idia-inc.jpgGarry came out running of the interview room with joy and relief wonderfully painted on his face. “Yahoooooooo!!!! I’ve been placed!!!!!!!! Isn’t it great??? All my worries are over now. I am on the top of the world.” The general reaction of any budding engineering student once he has just got a placement in a “cool” IT firm.

And that is when I wonder what he is feeling so happy about. He has just joined the ranks of the billion other technical “Global Cleaners” of the world. Yes, like it or lump it that is what you are getting from most companies when they come for on campus recruitment. Almost all jobs today are outsourced, even for engineers. Now most of these jobs are low end, low technology and labour intensive jobs. Developed countries like the US with a large population can’t find cheap labour to carry out such work. So they come to developing countries like India where the population is not only large, giving them cheap labour, but also technically sound. Now with the employment situation in India, people don’t care what kind of job they get as far as they are being paid more than what they would expect. The problem is, such salaries are peanuts for these companies. Theses companies will make $100 per customer per day and pay its employees $10 out of the $100. I was once reading a Demotivational Poster which said “A company that will go to the far ends of the world will find that it can hire people for 10% the cost of the Americans”. Now tell me who is gaining more.

The worst hit section of our country because of all this is the R&D cell. Seems the whole concept of R&D has died for the up coming engineers in the country, especially in the IT sector. Original ideas seem to have died out. We are blindly processing ideas given to us by the west without much thought of our own. But then again one can’t really blame them for not taking up research or higher studies. What the companies offer seems so much more lucrative. Who in their right state would choose a life long investment into research which may or may not give results compared to a full time job with a 6 figure salary with so many other perks?

However, is it the real solution to the problem at hand? People tell me that an outsourced job is the stepping stone to the path of becoming the brain behind a company. And that is the solution. They very conveniently replace failure with “outsourced job” and success with “brain”, not realising that very few actually get there. And those who are able to, have to move out of the country as the R&D is based outside the country, causing Brian Drain. A solution causing another problem.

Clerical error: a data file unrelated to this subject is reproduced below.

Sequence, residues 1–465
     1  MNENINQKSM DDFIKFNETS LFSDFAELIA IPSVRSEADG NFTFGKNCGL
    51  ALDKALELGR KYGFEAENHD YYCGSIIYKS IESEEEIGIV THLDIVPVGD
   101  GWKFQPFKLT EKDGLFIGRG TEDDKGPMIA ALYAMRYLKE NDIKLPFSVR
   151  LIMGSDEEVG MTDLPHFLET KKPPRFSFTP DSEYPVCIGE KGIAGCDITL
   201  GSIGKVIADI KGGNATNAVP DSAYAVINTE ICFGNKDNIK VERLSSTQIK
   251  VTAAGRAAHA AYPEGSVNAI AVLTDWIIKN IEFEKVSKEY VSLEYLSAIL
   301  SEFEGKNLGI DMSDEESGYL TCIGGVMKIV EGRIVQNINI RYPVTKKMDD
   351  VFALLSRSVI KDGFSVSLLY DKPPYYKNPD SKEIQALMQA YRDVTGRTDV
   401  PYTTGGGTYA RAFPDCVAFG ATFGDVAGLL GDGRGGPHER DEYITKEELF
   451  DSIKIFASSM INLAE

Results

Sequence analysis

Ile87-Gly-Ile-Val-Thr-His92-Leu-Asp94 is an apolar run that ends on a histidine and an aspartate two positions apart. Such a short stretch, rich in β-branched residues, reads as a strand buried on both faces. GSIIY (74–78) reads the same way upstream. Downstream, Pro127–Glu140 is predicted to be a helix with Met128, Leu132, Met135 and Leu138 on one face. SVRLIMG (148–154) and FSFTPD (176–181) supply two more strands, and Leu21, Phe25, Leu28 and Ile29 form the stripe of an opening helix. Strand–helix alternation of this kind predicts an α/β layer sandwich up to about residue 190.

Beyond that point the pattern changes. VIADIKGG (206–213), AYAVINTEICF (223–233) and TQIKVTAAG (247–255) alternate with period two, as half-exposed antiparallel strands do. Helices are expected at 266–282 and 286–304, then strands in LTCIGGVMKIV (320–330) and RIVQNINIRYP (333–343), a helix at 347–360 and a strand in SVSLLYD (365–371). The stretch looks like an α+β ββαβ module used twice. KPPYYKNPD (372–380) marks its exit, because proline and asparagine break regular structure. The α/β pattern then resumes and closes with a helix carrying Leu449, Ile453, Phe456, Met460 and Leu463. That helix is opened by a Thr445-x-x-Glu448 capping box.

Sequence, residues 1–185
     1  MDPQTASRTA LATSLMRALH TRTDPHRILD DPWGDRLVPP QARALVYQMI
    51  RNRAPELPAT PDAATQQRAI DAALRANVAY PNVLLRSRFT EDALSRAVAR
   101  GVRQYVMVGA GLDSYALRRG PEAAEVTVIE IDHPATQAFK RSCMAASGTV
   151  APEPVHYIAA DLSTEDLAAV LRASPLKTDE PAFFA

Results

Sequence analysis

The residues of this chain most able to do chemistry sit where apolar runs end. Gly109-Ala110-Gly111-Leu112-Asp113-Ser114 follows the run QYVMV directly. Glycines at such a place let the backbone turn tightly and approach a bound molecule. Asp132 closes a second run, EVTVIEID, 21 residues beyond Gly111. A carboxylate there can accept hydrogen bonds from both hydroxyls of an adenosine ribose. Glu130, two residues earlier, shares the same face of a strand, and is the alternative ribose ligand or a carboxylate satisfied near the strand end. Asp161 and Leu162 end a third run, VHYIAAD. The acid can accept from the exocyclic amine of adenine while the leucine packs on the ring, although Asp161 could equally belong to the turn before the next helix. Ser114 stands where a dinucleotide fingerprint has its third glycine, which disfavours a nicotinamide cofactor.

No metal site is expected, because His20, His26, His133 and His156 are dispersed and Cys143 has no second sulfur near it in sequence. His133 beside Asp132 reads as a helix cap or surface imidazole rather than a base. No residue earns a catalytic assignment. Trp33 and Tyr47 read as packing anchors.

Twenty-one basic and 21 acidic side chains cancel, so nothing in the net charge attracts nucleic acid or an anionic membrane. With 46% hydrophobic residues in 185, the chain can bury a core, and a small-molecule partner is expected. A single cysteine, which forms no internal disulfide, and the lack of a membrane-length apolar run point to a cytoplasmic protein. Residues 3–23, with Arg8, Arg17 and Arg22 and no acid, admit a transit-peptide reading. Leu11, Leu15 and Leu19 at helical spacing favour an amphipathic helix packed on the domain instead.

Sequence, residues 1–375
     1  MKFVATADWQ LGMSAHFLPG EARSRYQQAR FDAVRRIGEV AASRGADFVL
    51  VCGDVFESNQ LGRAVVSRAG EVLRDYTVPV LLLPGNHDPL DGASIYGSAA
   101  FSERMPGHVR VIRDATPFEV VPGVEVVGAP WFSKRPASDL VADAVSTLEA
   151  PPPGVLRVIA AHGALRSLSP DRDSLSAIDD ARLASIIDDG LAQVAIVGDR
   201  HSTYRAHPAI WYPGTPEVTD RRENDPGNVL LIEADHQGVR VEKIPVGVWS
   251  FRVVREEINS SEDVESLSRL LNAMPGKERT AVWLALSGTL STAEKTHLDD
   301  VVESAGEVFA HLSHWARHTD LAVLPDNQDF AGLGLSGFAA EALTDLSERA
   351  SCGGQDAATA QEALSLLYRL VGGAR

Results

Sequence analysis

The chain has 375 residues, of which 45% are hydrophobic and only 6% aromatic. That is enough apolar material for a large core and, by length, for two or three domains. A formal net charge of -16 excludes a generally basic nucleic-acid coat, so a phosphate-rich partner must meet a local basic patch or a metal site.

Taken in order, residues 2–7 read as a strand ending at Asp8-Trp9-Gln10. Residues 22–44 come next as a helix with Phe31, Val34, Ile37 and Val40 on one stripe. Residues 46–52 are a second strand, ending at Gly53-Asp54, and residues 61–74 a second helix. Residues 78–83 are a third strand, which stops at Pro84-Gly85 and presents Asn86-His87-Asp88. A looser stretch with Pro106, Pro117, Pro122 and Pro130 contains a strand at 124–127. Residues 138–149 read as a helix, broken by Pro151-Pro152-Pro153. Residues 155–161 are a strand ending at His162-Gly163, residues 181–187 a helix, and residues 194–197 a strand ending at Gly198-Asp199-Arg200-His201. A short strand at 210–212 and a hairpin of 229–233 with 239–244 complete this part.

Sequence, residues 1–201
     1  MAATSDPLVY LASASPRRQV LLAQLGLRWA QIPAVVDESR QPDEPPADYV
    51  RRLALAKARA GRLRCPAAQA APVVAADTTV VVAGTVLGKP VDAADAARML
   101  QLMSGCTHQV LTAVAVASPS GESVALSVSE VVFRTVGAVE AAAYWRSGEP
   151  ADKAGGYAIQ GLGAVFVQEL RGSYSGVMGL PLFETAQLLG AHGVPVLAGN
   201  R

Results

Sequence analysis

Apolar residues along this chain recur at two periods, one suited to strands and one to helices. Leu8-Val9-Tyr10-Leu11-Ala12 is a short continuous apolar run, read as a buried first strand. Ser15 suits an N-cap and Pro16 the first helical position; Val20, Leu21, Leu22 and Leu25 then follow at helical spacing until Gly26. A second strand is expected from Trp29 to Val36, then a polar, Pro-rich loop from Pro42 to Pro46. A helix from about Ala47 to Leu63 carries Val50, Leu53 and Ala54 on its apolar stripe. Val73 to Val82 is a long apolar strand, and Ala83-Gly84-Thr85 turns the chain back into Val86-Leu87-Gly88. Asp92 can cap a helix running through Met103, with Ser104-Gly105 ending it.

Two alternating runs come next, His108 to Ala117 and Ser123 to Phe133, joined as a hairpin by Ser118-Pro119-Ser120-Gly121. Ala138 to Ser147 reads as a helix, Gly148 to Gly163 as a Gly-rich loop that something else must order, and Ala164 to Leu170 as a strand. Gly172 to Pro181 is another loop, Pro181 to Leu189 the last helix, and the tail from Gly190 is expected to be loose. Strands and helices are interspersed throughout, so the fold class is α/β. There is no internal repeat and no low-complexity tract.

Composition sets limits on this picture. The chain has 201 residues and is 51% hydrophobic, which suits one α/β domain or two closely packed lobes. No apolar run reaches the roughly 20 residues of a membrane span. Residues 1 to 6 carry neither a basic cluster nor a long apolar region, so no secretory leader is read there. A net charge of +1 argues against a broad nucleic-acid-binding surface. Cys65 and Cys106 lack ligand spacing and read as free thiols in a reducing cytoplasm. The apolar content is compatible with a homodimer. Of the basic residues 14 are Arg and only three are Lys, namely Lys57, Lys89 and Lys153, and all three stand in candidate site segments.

This is nothing but economic slavery. Why should we do a hundred dollar job for just ten dollars?

Despite this, our finance ministry claims of the economic growth because of these jobs. Let me introduce you to reality. These companies will fizzle to a country like China as soon as the Chinese start speaking English. The only reason this industry is even thriving in India is because we are better in English than other countries. Can we talk of economic growth with such an unstable basis of growth?

So now tell me this. Brain Drain, no R&D, an Unstable economy and fake Jobs. The “Yahoooooooo!!!!” tastes bitter now doesn’t it??

What is the solution?? It is time to get original in our thought process. It is time to bring about a change not only in the industry, but in schools and colleges. It is time to get our heads together and seriously think of R&D. The brain behind the global IT industry happens to be predominantly Indian. Sad thing is that most of those Indians are not in this country. College students should go in for walk in interviews to the high end companies like Google, Microsoft, IBM, etc and stop depending on campus interviews. The general curriculum in schools and colleges should change, encouraging or should I say forcing new ideas. The whole concept of learning by rote has to be limited enormously. Students should come up with their own assignments helping them to look up 10 different sources of information rather than 1 prescribed text book. This will compel new ideas to come up in a huge way. Plus the whole concept of education will become interesting. Students will then run to school and walk back home. Unless we get original we do not stand a chance to break these invisible chains of economic bondage. An idea doesn’t cost you a thing, only if it is your own.

Vijay Krishna